Capturing photos of the view - if there is one - is also important.
The goal with your shot list should be to hit the high points, but also document the smaller details that help set this property apart from the others.
If there's interesting woodwork, ceiling details, a fireplace, or other custom touches, don't be afraid to get in close so prospective buyers can see those details in your images.
Creating your shot list should occur when you first tour the home with your clients.
You'll get a good idea after walking through the home and around the grounds of what you'd like to feature in your photos.
But don't forget to solicit their input regarding what they think should be photographed - after all, they know the place inside and out and might be able to provide interesting perspectives on photo possibilities.
Real Estate Photography Requires Practice
Just like any type of photography, honing your skills as a real estate photographer will take time and practice.
But it's best not to practice on clients' homes. Instead, it's a better idea to work on composition, framing, lighting, and processing your photos using images of your home, your friends' homes, and so forth.
Putting in the time and effort prior to diving into real estate photography will only serve you well.
Not only can you become familiar with all your gear, but you can also ensure that you have the right gear, that you develop your eye for composing interior and exterior shots, and learn the best methods of processing your images as well.
Be Prepared for Challenges in Real Estate Photography
Interior image taken with auto exposure - the dynamic range is too high for a single exposure and the bright window biased the camera towards underexposure.
Perhaps the greatest challenge for real estate photographers is the difficult lighting situations that you'll find inside a home.
Not only will some rooms be very dark, but you'll encounter situations in which you have to photograph a room that includes a window (or multiple windows).
The bright view through the window combined with the darker interior space can cause your camera all sorts of problems because the dynamic range is so wide.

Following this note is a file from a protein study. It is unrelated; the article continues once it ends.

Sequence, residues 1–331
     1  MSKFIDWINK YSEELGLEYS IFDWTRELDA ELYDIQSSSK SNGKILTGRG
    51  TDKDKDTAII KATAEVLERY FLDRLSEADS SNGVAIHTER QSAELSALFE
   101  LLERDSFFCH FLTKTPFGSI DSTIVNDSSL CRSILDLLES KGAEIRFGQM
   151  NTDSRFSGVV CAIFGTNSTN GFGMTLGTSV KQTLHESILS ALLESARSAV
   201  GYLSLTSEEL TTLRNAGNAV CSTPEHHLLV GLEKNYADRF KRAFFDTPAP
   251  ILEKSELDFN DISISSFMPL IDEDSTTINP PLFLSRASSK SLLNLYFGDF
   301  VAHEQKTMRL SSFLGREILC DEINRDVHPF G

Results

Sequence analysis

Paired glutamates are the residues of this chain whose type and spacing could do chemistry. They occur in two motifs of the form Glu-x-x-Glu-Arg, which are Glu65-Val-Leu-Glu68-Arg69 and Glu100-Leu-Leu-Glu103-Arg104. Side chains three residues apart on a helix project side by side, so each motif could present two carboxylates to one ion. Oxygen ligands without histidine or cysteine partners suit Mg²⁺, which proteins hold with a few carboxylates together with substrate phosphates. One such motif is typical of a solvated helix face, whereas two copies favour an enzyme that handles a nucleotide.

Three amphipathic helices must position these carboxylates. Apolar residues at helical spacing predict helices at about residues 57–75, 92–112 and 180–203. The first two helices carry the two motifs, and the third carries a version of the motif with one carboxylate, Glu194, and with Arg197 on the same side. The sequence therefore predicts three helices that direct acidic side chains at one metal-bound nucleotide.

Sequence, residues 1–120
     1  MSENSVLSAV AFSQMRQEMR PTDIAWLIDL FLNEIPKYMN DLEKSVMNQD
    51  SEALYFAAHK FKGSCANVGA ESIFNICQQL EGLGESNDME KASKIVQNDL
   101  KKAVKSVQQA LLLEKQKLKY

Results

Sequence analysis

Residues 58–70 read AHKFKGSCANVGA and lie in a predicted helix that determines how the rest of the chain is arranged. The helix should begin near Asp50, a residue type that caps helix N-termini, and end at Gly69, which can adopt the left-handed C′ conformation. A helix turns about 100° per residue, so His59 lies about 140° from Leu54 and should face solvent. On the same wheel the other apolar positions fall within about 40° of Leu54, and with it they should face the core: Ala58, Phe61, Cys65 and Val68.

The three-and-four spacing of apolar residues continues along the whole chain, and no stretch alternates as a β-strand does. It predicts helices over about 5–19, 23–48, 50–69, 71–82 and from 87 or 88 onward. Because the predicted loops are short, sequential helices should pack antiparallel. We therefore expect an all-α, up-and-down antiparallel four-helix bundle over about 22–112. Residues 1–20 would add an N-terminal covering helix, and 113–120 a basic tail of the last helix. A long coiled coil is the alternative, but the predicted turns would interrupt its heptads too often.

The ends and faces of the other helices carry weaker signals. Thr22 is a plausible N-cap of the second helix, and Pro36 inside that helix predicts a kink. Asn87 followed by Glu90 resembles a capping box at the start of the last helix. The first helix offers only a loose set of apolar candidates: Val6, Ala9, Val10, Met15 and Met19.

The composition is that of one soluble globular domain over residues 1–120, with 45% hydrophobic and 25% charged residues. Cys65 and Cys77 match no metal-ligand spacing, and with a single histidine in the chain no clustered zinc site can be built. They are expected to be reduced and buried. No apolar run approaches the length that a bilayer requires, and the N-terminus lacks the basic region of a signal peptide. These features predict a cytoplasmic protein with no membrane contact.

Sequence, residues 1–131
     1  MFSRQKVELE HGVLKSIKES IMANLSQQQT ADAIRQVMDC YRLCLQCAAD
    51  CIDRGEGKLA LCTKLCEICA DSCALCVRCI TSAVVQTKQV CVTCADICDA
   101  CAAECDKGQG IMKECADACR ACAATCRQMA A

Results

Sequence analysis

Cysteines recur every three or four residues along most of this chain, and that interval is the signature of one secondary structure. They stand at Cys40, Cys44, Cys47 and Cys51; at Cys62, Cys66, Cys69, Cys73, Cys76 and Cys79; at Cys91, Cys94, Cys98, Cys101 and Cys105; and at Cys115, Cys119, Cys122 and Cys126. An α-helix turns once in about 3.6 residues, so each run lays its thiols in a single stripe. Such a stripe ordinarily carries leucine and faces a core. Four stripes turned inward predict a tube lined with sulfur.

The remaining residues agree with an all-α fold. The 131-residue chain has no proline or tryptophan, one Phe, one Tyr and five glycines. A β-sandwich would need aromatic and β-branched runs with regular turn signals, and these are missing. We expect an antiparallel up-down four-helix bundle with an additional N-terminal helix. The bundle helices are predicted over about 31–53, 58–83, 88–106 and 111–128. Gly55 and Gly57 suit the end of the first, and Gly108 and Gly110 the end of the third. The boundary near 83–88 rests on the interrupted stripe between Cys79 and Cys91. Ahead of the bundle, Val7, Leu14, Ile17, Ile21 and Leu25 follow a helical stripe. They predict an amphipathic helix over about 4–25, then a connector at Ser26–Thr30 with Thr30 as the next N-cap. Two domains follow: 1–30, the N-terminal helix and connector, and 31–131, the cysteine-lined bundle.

What you'll find is that you can get a well-exposed shot of the room, but the window is nothing but bright white. Alternatively, if you expose for the light in the window, the room itself will be too dark, as shown above.
7 exposures merged to HDR in Photomatix Pro - the interior is well lit and the window properly exposed.
Some pro photographers get around the problem by using sophisticated lighting equipment, but many prefer the exposure merge technique which works with natural light.
That's because merging multiple exposures together is much, much easier and less time intensive than setting up lighting equipment and taking it down in every room you photograph.
As you can see in the image above, everything in the room is now well-exposed, from the once-bright windows to the once-dark ceiling, walls, and furniture in the room.
Bracketed photos from 1/500 sec. to 1/4 sec. (f/8, ISO 400). Each exposure is exposed for a different part of the scene.
That's because four different images were taken, each exposed for a different part of the room. Then, by blending each of the images together into one, you get a final result that's well-exposed throughout.
Editor's Tip: If you're struggling to get the exposure of interior real estate photos just right, make it easy on yourself -- take bracketed exposures and let software do the rest.
The technique involves taking multiple exposures, which is greatly facilitated by the Automatic Exposure Bracketing (AEB) feature that most DSLR and mirrorless cameras include.
You can see an example of AEB setup in this video showing how it is done on a Nikon D850:
The AEB capabilities differ depending on the model of camera that you have. For real estate photography, choose a camera with AEB settings that allow you to take 5 shots or more in 2 EV steps, or 9 shots or more in 1EV step.
With that, you have a quick introduction on how to get started in real estate photography.
Again, the key is to practice your craft, and using these real estate photography tips, you can do just that.
For more details on taking great interior real estate photos, check this article on pro techniques to photograph interiors.